FIGURE 5
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Figure 5. Measurement of intraorganellar pH in HAP1 cells using the ratiometric dye LysoSensor™ Yellow/Blue DND-160 and a microplate reader. HAP1 cells were treated as described in the stepwise procedures with the caveat that, to determine the effects of long-term treatment, cells were incubated with LysoSensor™ Yellow/Blue DND-160 (1 μM) over a time course spanning 1 min to 2 h in generating the pH calibration curves and in acquiring experimental data. Cells were subsequently analyzed in triplicate using a microplate reader and SoftMax® Pro V5 software to determine fluorescence intensity ratios. Emissions were collected at 440 and 540 nm for excitations at 329 and 380 nm, respectively. Graphs are shown of the pH calibration curves generated based on fluorescence intensity measurements of HAP1 cells incubated with pH calibration curve buffers of the indicated pH-values and analyzed using a microplate reader. The pH calibration curves were generated in parallel with acquiring experimental data. The final graph shows the average pH of all labeled acidic organelles combined at various time points of LysoSensor™ Yellow/Blue DND-160 incubation in HAP1 cells, as determined by using microplate reader-based ratiometric measurement. Results from incubation of HAP1 cells with this weak-base dye over a time course are indicative of the rapid alkalinizing effect LysoSensor™ Yellow/Blue DND-160 can have on intraorganellar pH. Fluorescence intensity ratios were converted to pH-values by fitting of data to the corresponding pH calibration curves. For HAP1 cells, the average intraorganellar pH of all LysoSensor™ Yellow/Blue DND-160-labeled organelles combined was calculated at the following values for the respective time points: 4.97 ± 0.08 (1 min), 4.89 ± 0.08 (5 min), 5.4 ± 0.1 (20 min), 5.15 ± 0.04 (30 min), and 5.72 ± 0.02 (2 h). Data are presented as the average ± SEM.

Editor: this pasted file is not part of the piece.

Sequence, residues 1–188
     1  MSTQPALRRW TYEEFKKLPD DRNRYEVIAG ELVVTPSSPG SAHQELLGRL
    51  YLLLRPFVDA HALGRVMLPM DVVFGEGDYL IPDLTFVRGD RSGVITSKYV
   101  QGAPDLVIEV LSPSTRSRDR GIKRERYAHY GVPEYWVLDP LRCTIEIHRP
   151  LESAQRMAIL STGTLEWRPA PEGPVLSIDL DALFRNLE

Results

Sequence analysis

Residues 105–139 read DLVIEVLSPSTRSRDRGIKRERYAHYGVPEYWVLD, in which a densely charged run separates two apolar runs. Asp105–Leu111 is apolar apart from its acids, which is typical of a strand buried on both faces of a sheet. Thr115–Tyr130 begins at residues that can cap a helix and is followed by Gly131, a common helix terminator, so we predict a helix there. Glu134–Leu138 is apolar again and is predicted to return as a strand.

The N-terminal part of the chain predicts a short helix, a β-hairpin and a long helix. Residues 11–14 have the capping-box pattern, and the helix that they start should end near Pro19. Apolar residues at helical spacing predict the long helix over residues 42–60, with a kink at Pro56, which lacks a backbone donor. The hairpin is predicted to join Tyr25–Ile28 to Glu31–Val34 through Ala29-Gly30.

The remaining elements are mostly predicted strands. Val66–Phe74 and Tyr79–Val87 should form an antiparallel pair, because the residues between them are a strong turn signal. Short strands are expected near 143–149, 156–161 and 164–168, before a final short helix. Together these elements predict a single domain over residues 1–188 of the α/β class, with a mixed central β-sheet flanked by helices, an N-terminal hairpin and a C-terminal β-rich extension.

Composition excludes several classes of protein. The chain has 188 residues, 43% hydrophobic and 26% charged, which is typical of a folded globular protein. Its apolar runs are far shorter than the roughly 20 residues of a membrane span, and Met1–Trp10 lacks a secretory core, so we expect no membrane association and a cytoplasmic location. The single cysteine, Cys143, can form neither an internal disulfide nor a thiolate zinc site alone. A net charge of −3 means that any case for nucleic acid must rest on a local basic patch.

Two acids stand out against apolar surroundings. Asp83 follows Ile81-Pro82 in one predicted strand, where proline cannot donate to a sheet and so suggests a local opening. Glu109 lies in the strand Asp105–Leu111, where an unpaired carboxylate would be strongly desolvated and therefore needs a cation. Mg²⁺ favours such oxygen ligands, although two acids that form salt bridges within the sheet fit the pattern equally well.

Discussion